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Q&A: Alan Bates

If elected, what will be your top priority as an Oregon state senator?

My first priority would be to continue to control and reduce health care costs. In the last 10 to 12 years, I’ve worked to put together coordinated care organizations designed to get better outcomes, lower costs and create a healthier population. They started about a year ago and have dramatically reduced costs already. In addition, there’s been a big decrease in the number of emergency room visits and hospitalizations and an increase in primary and preventive care.

If we can continue on the track of reducing health care costs, there will be hundreds of millions of dollars available that we can reinvest in K-12 education, community colleges and higher education. The money that’s invested in education will create a well-trained workforce that will build jobs in Oregon.

What would you change about the health care system in Oregon?

First, I would make sure coordinated care organizations stay on track and expand to take in more public employees. The second thing would be to expand dramatically our treatment of mental health and drug- and alcohol-related problems that are a drag on the system, our prison facilities, our society and the ability of people to get jobs. If you can’t pass a drug test, you won’t get a job, and then you’re back on the welfare system.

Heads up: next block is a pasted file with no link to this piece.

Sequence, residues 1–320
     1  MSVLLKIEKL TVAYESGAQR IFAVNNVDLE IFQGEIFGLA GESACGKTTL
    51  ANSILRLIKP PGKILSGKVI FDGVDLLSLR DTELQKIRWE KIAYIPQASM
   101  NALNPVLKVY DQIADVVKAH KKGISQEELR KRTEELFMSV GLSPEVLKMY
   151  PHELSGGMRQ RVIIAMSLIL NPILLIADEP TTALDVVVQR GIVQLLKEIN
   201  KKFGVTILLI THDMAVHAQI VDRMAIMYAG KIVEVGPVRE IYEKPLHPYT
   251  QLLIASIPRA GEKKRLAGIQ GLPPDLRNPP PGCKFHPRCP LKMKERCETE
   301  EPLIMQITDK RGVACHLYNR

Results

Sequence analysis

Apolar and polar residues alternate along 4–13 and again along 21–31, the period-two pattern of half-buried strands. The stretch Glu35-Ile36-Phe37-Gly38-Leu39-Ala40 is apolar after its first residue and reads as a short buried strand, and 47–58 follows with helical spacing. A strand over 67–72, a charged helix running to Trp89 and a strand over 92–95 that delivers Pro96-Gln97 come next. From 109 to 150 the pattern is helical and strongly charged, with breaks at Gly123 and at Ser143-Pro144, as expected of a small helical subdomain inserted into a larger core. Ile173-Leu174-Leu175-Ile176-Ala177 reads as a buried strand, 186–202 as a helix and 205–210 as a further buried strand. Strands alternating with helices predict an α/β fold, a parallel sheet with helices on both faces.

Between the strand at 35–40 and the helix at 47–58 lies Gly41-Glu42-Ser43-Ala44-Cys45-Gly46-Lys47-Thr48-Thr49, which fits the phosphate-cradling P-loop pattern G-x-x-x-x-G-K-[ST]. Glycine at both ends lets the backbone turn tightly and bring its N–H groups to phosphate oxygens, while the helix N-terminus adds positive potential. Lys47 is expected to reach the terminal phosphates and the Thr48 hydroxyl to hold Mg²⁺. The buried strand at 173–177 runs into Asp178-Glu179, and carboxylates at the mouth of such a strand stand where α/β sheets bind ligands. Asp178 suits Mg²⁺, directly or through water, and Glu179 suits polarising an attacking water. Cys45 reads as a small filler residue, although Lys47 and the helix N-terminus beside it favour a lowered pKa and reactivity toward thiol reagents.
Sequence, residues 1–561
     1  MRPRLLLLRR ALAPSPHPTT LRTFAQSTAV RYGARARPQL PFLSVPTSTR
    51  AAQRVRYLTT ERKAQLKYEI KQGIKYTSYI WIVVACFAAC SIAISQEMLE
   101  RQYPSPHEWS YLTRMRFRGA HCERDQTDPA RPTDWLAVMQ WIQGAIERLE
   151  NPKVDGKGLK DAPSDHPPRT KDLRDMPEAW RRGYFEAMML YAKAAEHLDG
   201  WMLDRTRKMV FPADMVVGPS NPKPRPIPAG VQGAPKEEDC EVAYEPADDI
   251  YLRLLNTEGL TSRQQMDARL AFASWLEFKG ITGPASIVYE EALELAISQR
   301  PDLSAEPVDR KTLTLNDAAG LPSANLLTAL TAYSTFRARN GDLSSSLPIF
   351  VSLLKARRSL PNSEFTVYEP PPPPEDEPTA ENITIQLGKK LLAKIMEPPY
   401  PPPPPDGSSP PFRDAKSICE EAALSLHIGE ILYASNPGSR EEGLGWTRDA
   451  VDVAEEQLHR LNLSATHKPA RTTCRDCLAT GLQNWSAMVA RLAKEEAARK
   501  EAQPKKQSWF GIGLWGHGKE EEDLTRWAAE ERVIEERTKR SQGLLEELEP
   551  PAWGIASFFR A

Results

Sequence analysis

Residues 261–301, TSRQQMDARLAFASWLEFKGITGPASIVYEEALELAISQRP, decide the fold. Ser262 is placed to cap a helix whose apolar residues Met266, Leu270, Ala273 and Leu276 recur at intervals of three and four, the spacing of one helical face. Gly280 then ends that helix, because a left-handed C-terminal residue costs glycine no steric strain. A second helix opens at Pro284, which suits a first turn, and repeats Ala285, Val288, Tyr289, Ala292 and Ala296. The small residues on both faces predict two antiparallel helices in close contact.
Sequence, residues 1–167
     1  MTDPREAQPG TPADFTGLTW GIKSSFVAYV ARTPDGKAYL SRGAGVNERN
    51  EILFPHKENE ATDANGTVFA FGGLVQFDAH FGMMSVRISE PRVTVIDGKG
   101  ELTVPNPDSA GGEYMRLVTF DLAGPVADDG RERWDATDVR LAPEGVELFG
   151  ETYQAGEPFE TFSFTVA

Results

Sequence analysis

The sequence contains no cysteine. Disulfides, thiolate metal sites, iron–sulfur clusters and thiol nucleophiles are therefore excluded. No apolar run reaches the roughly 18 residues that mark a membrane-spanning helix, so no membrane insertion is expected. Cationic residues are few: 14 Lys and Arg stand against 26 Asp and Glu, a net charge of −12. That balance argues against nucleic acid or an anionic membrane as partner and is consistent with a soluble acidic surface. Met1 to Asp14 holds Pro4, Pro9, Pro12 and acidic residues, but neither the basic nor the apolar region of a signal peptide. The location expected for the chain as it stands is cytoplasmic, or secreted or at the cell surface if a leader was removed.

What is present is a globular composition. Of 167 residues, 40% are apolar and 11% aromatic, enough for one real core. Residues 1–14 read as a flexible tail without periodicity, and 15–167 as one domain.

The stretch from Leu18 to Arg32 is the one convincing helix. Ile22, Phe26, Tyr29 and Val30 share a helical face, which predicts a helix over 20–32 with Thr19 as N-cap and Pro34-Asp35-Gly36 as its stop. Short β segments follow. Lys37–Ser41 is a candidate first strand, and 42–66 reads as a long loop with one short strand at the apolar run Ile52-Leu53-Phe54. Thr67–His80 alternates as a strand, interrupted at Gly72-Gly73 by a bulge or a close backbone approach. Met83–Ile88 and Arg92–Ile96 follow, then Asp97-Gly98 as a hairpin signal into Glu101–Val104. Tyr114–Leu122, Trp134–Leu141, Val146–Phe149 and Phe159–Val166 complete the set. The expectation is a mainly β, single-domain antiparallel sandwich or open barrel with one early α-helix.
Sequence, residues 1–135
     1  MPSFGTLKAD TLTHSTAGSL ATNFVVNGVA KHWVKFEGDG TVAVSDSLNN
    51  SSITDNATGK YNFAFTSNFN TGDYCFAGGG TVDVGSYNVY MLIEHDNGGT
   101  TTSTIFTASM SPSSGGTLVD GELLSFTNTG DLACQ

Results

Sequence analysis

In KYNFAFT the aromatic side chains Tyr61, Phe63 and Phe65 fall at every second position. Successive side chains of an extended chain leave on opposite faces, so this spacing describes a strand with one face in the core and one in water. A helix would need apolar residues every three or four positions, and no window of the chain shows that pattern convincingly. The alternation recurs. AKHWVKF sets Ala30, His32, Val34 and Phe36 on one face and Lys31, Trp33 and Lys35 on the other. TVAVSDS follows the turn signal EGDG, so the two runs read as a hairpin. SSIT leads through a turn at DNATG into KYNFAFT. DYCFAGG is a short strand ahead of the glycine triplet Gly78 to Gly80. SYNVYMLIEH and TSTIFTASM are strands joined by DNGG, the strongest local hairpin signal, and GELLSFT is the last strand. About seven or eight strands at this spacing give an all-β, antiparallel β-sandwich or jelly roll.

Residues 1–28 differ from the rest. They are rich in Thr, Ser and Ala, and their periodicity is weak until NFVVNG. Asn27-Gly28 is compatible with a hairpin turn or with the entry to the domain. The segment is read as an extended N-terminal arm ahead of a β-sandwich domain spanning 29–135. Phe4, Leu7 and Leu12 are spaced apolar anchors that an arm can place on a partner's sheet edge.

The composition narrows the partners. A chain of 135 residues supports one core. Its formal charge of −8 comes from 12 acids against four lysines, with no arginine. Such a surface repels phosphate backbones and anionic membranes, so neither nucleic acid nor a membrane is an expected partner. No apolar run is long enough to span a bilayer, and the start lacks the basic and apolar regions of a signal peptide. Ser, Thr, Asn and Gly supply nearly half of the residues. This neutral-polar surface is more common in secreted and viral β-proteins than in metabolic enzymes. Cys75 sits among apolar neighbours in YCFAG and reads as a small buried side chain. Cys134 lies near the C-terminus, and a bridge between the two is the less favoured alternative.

If Oregon revenues come in 2 percent higher than projected in 2013, what would you like to see happen with the additional revenue or kicker at the end of the fiscal, two-year budget cycle?

I would want to put that money in a rainy-day fund. My expectation is that in the next four to six years, we’ll be hit by another recession, and this time we would like to have funds set aside so we don’t have to cut funding to K-12, higher ed or community programs and senior services. We’ll probably need a rainy-day fund in excess of $1.5 billion to $2 billion.

Oregon’s minimum wage is currently set at $9.10. Do you advocate a higher minimum wage? If so, what do you consider fair pay?

I think you have to pay people a high enough wage so that those working 40-hour weeks are not under the poverty level. Otherwise, they fall back on Medicaid, food stamps and child services. I’m not recommending anything crazy like $15 an hour, but $11 an hour with increases in line with inflation has been shown to actually stimulate the economy without people losing jobs and to help people get off welfare.